Lab 6: Smaller/Bigger Sort
- Use the
compareTo()method from the
Comparableinterface to determine which of two objects is bigger
- Understand and apply recusion in algorithm development
In this assignment you will implement a recursive algorithm to sort elements
of a list. The basic idea is to look at the first element in the
list - let's call it
first - and rearrange the list such that all
of the elements smaller than
first appear before
first and all elements
first appear after
first. Elements equal to
appear on either side of
first. For example,
We now have a sublist of elements from index 0 to (but not including) index 4 with elements no bigger than 8 and a sublist of elements no smaller than 8 from index 5 to index 9. The elements in the sublists can be in any order.
You will create a class,
SmallerBiggerSort with three class methods:
public static <T extends Comparable<T>> int smallerBigger(List<T> list, int startInclusive, int endExclusive)— used to get a feel for how the non-recursive portion of the next method works. The method returns the index where the first element ended up being placed.
public static <T extends Comparable<T>> void sort(List<T> list, int startInclusive, int endExclusive)— a recursive sort method that works by creating sublists of all the elements smaller than a particular value and larger than the value (details below).
public static <T extends Comparable<T>> void sort(List<T> list)— calls the recursive
sort()method with the bounds of the list.
- A significant portion of this assignment is related to your analysis (see end of assignment). Make sure you complete the coding part of this assignment well in advance so that you have time to give appropriate attention to the analysis.
- Writing your tests before or as you implement your solution may help you understand the requirements of the code and design better solutions.
Comparableinterface requires the
compareTo()method to be implemented. This method specifies how to compare two objects.
Note: in the examples below are just examples, the order of the elements in the sublist does not need to match what is shown in these examples.
smallerBigger(List<T> list, int startInclusive, int endExclusive), that
places all of the elements smaller than
first = list.get(startInclusive) between position
first and all elements larger than
first between the location of
endExclusive. This method must be \( O(n) \) when an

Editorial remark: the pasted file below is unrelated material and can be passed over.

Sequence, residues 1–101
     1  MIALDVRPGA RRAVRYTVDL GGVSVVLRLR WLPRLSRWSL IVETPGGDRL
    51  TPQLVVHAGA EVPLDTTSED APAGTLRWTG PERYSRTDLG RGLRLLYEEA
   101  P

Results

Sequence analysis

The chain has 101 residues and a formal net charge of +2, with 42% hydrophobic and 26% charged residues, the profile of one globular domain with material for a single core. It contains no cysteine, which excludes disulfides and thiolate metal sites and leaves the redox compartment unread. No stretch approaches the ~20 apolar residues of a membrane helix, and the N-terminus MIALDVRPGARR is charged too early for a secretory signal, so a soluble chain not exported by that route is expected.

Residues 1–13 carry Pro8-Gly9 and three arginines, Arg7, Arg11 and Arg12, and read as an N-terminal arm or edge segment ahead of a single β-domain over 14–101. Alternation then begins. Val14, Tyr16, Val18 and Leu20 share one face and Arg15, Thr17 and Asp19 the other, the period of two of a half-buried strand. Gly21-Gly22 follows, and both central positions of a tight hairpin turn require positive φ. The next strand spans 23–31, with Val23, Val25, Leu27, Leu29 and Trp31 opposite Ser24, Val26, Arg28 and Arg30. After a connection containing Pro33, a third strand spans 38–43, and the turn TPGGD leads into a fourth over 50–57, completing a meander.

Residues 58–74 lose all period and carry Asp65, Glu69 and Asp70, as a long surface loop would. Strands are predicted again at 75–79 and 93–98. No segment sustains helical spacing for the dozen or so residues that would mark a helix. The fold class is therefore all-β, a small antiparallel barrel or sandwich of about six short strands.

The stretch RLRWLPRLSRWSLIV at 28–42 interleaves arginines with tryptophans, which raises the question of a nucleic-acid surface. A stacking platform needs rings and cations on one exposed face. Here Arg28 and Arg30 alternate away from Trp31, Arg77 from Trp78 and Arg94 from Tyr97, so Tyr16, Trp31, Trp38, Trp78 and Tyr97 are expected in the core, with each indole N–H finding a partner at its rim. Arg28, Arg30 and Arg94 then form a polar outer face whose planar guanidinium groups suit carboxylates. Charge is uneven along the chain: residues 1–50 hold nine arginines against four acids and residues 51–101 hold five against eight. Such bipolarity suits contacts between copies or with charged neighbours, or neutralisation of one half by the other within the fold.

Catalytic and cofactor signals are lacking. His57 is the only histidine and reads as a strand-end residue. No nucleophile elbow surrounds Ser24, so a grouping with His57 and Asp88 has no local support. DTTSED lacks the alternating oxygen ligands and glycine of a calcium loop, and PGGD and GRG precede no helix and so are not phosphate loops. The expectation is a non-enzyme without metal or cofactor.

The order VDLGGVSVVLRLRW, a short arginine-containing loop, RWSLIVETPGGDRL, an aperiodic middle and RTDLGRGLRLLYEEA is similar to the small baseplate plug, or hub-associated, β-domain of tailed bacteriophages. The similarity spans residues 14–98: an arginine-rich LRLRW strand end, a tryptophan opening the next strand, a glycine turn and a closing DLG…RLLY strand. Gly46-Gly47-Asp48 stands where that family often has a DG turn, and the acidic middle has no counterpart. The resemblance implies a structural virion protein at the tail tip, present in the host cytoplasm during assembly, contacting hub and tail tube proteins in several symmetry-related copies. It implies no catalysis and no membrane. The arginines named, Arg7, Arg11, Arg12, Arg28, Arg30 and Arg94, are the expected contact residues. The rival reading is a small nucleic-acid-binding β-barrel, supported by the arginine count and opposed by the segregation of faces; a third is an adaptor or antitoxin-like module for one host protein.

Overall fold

ArrayList is used.
smallerBigger(list, 2, 6); where
sort(List<T> list, int startInclusive, int endExclusive) which sorts the
list by recursively creating sublists of smaller and larger elements. For example
sort(list, 0, 9) with
We now have two sublists that need to be sorted, so we need to call
sort(list, 0, 4)
sort(list, 5, 9).
sort(list, 0, 4) looks like:
We now have just one sublist that needs to be processed:
sort(list, 1, 4)
which leads to
sort(list, 2, 4) and this result:
sort(list, 0, 4) call is complete and we can progress
sort(list, 5, 9) call:
resulting in no changes, but a recursive call to
sort(list, 6, 9)
which, likewise causes no changes. The next recursive call is
sort(list, 7, 9) which swaps the 18 and 13 producing a sort list:
- There are several ways that you could implement
smallerBigger()in O(n) time.
- One simple way would be to make multiple passes through the list.
- On the first pass, count how many elements are smaller than the first element. Once you know this, you can determine the final resting place for the first element.
- Create a new list and put all of elements that are less than the first element in the beginning of the list, place the first element next, and then place all of the remaining elements into the list.
Write thorough JUnit tests for your implementation.
You must create a Word document that describes your approach, results of your benchmarking, and your analysis to answer the following question:
Does the performance of the algorithm change based on the starting order of the elements? For example, if the elements are sorted or nearly sorted, is it faster to sort than if the elements are in random order?
This assignment was originally developed by Dr. Chris Taylor.